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IBM Extends Hyperactive IP Strategy to Life Science IT: Is Litigation Far Behind?


As IBM has consecutively generated the most US patents per year since 1992, it wasn’t much of a shocker last week when the company announced that it had once again topped the US Patent Office’s list with a total of 3,288 patents granted in 2002.

But this output included a surprise for companies in the life science IT market: IBM says that life sciences is the fastest growing segment in its patent portfolio. This bloom in Big Blue’s bio-patents, according to IP experts, signals a reversal in the trend not to patent bioinformatics inventions — as well as a potential wave of related litigation.

According to Joe Jasinski, manager of worldwide operations for IBM Life Sciences, “The overall strategy is not significantly different from IBM’s general patenting strategy. As we build our business in life sciences, we will also build a patent portfolio in that area.” If the company’s patenting activity in life sciences is anywhere near its track record in other technology areas, that portfolio could be pretty hefty in a few years’ time: In the past decade, the company has raked in a total of 22,357 patents, more than 10 of the largest US IT companies combined, and has leveraged this portfolio to bring in approximately $10 billion in IP royalties over that time.

Jasinski estimated that IBM currently holds only “a few dozen” patents that are specific to the life sciences, but was quick to point out that the business unit is still only two years old — on the short end of the amount of time it takes for an application to work its way through the patent office. In terms of general IT patents that are applicable to the life sciences, “it’s probably thousands, if not more,” Jasinski said.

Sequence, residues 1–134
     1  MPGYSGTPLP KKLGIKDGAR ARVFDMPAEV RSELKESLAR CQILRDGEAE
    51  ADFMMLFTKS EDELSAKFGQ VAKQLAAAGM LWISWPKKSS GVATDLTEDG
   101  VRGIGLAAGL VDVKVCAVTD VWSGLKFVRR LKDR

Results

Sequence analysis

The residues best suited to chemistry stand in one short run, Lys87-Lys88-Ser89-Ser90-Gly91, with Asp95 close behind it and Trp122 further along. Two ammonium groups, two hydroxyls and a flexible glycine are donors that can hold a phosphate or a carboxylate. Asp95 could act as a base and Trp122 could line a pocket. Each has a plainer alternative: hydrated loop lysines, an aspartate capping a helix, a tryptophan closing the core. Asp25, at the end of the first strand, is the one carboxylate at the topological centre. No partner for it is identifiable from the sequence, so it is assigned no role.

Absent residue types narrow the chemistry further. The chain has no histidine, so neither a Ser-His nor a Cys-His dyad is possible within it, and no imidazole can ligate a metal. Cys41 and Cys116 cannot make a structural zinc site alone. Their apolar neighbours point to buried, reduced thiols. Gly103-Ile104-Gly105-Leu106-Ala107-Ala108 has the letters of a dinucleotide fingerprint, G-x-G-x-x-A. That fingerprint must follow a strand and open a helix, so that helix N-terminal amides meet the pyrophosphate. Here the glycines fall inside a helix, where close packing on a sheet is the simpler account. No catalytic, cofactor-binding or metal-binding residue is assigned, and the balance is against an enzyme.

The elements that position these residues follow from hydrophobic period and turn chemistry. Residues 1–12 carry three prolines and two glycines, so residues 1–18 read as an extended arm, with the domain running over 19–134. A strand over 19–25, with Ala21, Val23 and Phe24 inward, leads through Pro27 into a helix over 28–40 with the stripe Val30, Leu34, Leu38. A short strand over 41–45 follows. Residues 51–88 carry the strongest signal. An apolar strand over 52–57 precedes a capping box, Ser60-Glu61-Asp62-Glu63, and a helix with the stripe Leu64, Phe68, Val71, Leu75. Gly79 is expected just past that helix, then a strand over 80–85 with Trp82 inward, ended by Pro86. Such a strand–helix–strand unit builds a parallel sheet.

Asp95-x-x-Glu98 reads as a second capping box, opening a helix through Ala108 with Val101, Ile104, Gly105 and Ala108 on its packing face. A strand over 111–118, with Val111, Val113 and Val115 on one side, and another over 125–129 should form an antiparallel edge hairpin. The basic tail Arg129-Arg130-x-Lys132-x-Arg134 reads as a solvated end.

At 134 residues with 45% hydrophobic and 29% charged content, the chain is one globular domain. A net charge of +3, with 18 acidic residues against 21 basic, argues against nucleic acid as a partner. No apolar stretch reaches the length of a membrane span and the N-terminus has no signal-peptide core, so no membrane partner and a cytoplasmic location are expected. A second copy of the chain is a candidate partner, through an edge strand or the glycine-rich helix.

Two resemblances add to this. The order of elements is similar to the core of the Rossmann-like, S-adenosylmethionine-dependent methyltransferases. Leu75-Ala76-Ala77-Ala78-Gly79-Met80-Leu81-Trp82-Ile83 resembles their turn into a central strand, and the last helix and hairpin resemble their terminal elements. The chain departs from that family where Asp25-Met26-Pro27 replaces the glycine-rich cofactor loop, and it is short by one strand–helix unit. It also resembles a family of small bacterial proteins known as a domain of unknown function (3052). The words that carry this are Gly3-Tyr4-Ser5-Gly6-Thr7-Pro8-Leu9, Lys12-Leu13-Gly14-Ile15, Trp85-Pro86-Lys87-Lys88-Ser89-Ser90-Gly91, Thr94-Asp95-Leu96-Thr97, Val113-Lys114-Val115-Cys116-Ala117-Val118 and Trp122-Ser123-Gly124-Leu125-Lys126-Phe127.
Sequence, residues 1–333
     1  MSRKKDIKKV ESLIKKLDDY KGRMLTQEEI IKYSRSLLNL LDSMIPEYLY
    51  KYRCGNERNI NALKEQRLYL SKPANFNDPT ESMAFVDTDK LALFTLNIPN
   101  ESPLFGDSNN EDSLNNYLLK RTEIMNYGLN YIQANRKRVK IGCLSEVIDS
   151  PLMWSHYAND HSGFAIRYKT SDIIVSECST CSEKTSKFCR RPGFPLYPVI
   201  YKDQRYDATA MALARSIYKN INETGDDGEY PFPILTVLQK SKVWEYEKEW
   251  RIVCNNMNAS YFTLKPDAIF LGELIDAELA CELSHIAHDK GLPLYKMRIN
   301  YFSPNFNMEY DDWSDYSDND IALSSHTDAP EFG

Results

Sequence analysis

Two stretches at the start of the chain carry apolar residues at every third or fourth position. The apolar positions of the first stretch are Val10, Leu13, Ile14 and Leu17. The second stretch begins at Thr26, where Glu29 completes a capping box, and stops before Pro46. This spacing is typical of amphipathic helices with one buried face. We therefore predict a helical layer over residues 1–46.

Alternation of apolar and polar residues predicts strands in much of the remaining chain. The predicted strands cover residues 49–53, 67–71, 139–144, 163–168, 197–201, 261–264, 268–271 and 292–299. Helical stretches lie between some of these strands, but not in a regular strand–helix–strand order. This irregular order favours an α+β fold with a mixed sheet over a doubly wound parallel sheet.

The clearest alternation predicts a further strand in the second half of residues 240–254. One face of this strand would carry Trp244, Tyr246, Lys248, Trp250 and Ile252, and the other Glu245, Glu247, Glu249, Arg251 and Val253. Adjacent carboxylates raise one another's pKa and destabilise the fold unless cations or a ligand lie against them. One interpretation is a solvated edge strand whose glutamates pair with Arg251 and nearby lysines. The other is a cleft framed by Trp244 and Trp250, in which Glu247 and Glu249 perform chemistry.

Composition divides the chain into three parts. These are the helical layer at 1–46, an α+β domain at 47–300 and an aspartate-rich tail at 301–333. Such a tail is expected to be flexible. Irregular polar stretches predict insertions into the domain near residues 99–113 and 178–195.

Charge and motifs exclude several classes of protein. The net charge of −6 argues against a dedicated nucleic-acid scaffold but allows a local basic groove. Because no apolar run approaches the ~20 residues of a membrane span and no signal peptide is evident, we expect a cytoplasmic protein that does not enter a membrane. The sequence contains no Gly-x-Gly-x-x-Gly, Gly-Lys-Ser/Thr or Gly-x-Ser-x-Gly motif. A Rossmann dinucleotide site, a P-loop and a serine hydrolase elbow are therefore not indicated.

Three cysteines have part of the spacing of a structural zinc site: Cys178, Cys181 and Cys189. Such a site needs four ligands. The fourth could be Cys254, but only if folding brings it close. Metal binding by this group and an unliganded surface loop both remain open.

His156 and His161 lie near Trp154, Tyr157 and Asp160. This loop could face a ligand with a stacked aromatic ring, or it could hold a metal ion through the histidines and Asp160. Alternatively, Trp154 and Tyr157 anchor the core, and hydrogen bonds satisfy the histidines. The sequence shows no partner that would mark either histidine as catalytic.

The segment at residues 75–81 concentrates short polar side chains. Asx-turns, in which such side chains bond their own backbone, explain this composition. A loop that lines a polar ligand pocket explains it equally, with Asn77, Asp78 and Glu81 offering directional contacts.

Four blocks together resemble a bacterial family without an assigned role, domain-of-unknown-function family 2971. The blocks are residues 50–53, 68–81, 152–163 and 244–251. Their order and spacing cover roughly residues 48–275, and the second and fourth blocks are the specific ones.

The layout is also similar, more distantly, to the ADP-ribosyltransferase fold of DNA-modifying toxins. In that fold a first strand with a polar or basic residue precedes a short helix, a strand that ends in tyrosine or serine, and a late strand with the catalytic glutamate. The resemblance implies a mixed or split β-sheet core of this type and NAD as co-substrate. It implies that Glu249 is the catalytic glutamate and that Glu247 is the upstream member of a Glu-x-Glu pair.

The company is focusing its patenting activity on “algorithms, methods, and database methods that might be specific to handling life sciences data,” Jasinski said, as well as “IT architectural methods that we think may be particularly valuable for the life sciences, although they might have applications in other areas.” These more general technology areas include database technology, methods for storing, retrieving, and analyzing large image data sets, and technology for security and privacy, he said.

Jasinski noted that the abundance of patent-protected technology provides three key advantages for IBM: “It demonstrates thought leadership, it provides some freedom of action across the IT industry, and, thirdly, it has real financial value.”

The Patent Landscape

IBM’s aggressive IP strategy will likely give it a key advantage over other IT players in the life science market, where bioinformatics-specific patents are relatively few and far between. Most pure-play bioinformatics businesses are not built around IP holdings — on the contrary, several factors contribute to a downright passive attitude toward patenting in the sector. For one thing, many commercial bioinformatics offerings rely on public domain tools and data, which can’t be patented. Additionally, the services-oriented structure of many bioinformatics firms, which derive their revenue from expertise and know-how rather than proprietary technology, also contributes to the dearth of patenting activity. And those software companies that do sell proprietary technology often opt for alternative — and less costly — strategies to protect their IP, such as copyright or trade secret protection. “It’s always in the back of everybody’s mind, traditionally from a software point of view, whether to patent or not,” said Teresa Welch, a patent attorney with law firm Michael Best & Friedrich. “When you look at how long it takes for something to get through the patent office, which is traditionally two to three years, unless you have something that is really cutting-edge and you can get broad claims for it, people are reluctant to put the money into it.”

In addition, many biotech and pharmaceutical companies fail to patent in-house informatics tools developed to conduct their research, opting instead to spend their IP budgets on genes, proteins, and other biological products that can eventually bring in drug- or therapeutic-based revenues. Aside from a few notable exceptions, including Affymetrix, Incyte, Rosetta Inpharmatics, and Curagen (see table below), very few companies — whether they are software firms, biotechs, or pharmas — are building out substantial bioinformatics patent portfolios, leaving the field wide open for IBM to dominate.